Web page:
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What do blueberry pickers, lobstermen and dairy workers have in common?
This post was originally published on the Migrant Justice Justicia Migrante website.
They were all at Migrant Justice last weekend for a historic tri-state gathering of agricultural workers.
Immigrant workers from New York, Maine, and Vermont gathered together to share organizing models and build solidarity across industries and state lines. Members of Mano en Mano (Maine), Workers’ Center of Central New York (Syracuse), Nuestra Voz de la Comunidad (Maine), and the Worker Justice Center of New York packed the Migrant Justice office over the weekend to hear from Vermont dairy workers about our game-changing Milk with Dignity program.
We opened Friday evening with a presentation a welcome and a history of our "5 years of Struggle" (and counting!) for Fair Food and human rights:
On Saturday, Migrant Justice Coordinating Committee member Carlos Diaz opened the day with some inspiring words:
We introduced ourselves, sharing our hopes for the historic gathering:
Marita from Migrant Justice presented on our organizing model of Worker-driven Social Responsibility:
Both adults and children listened intently:
Our guests spoke about what it's like to work in their industries, and the organizing initiatives that they've undertaken:
And we mapped out common problems through the "Tree of Life" activity:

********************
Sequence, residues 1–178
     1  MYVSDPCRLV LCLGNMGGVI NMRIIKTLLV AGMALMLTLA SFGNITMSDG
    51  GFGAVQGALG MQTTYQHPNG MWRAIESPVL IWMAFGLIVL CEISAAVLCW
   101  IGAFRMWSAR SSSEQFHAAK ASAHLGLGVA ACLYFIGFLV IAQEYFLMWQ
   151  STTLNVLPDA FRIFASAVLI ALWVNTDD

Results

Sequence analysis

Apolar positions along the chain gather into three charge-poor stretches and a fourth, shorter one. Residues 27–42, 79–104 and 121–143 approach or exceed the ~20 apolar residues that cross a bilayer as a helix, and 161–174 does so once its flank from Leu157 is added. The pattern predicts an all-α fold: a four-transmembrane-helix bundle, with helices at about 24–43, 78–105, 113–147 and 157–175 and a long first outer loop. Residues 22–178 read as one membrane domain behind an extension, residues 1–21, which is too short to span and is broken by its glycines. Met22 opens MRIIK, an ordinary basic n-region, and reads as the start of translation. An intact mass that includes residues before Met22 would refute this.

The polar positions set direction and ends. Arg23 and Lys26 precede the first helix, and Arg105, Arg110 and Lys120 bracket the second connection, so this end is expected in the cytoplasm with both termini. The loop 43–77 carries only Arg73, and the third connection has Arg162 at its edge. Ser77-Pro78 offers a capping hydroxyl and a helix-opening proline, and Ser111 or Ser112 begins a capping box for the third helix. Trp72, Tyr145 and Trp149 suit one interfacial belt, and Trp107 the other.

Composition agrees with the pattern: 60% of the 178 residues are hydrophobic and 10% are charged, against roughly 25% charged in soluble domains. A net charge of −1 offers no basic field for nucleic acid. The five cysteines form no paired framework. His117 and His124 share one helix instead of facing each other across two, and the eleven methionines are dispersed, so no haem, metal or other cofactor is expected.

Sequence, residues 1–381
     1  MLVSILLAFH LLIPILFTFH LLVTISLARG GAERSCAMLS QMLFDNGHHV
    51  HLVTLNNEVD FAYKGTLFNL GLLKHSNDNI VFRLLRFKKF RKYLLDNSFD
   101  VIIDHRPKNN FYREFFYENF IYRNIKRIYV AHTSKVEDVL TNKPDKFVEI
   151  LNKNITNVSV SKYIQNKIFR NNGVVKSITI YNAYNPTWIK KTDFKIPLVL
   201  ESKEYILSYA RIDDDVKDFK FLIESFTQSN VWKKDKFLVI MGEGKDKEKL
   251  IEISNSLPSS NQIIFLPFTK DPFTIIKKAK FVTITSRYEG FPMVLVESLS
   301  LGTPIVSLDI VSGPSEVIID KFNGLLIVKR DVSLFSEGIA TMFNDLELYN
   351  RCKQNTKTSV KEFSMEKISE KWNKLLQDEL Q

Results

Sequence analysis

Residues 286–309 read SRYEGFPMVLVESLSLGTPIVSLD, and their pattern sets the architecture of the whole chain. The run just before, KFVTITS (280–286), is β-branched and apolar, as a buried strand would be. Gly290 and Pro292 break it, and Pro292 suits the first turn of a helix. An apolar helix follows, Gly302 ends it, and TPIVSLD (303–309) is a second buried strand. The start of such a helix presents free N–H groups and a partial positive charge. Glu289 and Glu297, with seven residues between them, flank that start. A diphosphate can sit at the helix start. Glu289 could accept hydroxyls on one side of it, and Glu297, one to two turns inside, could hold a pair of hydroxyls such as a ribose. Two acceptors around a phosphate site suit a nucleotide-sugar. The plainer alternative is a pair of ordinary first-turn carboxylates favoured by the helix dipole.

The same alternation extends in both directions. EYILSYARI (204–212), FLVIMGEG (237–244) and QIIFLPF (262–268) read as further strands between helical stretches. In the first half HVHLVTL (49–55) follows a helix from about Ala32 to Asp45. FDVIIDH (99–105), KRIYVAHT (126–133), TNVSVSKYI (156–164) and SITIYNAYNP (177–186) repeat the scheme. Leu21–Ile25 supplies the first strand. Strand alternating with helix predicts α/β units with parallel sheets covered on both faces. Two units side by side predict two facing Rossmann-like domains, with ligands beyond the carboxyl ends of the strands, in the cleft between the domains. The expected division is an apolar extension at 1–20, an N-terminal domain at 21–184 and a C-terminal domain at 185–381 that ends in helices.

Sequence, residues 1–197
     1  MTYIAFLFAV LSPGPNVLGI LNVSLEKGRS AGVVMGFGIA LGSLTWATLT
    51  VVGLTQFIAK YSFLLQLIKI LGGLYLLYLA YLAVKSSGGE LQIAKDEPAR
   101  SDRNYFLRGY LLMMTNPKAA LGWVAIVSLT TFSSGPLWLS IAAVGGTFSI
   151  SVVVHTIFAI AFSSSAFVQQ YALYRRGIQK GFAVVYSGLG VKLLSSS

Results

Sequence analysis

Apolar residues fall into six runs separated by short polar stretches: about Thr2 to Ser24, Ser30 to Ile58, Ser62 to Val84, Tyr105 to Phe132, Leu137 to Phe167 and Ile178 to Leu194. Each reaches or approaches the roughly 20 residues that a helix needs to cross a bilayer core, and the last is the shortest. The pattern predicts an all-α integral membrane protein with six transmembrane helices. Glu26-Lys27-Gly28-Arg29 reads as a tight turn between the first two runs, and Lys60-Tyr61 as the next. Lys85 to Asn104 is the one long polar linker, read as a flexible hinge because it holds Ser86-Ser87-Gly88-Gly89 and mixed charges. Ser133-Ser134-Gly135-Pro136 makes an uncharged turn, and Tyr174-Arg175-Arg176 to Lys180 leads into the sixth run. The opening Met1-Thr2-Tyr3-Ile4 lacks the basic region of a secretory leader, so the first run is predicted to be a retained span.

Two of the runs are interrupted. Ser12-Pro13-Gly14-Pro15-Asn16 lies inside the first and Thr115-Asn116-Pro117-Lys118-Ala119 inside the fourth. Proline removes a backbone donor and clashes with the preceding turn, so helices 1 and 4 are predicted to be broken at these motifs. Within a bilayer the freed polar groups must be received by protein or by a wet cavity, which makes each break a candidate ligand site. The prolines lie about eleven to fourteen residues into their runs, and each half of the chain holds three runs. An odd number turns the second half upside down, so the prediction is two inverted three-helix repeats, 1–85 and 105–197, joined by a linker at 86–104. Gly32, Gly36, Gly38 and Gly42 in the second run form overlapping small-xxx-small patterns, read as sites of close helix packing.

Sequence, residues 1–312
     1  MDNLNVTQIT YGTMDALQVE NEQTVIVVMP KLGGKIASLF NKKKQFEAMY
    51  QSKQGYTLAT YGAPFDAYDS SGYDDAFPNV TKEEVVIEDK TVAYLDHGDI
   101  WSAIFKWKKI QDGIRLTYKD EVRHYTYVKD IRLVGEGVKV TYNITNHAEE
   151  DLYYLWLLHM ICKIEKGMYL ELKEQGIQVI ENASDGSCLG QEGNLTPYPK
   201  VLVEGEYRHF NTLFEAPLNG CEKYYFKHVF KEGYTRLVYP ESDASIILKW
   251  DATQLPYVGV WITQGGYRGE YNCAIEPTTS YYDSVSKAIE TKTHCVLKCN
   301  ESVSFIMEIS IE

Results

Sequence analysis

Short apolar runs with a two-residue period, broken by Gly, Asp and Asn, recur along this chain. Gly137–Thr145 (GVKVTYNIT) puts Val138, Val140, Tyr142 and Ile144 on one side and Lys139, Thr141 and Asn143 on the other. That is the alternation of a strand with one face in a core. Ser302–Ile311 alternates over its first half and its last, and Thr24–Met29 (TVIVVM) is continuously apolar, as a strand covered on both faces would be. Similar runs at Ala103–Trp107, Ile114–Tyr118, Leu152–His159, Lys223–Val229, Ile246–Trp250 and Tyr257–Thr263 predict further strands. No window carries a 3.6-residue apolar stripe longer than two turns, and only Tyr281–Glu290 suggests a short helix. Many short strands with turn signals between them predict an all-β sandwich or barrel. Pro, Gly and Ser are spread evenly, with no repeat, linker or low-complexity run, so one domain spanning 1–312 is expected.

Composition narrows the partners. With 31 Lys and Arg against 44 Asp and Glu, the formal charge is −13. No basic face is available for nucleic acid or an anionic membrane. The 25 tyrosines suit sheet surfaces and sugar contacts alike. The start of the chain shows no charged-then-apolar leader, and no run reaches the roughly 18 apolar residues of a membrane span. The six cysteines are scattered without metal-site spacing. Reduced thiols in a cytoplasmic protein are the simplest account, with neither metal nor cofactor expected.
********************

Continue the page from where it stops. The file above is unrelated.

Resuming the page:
We had a delicious home-cooked meal, made fresh by a Migrant Justice member, and eaten under the "Fair Food" banner:
After lunch, our guests had a lot of questions about how Migrant Justice won driver's licenses in Vermont. Coordinating Committee member Victor Diaz passed around his license so workers from Maine and New York could see the fruits of our labor:
Workers also wanted to know more about the Milk with Dignity program. Dairy workers from New York took careful notes as we laid out the basics of our program: mobilizing consumer pressure to create justice throughout the supply chain:
And we ended the summit with high spirits and a new resolve to conitnue organziing for our human rights!
Our mission is to build the voice, capacity, and power of the farmworker community and engage community partners to organize for economic justice and human rights. We gather the farmworker community to discuss and analyze shared problems and to envision collective solutions. Through this ongoing investment in leadership development, members deepen their skills in community education and organizing for long-term systemic change. From this basis our members have defined community problems as a denial of rights and dignity and have prioritized building a movement to secure these fundamental human rights to: 1) Dignified Work and Quality Housing; 2) Freedom of Movement and Access to Transportation; 3) Freedom from discrimination; 4) Access to Health Care. - Migrant Justice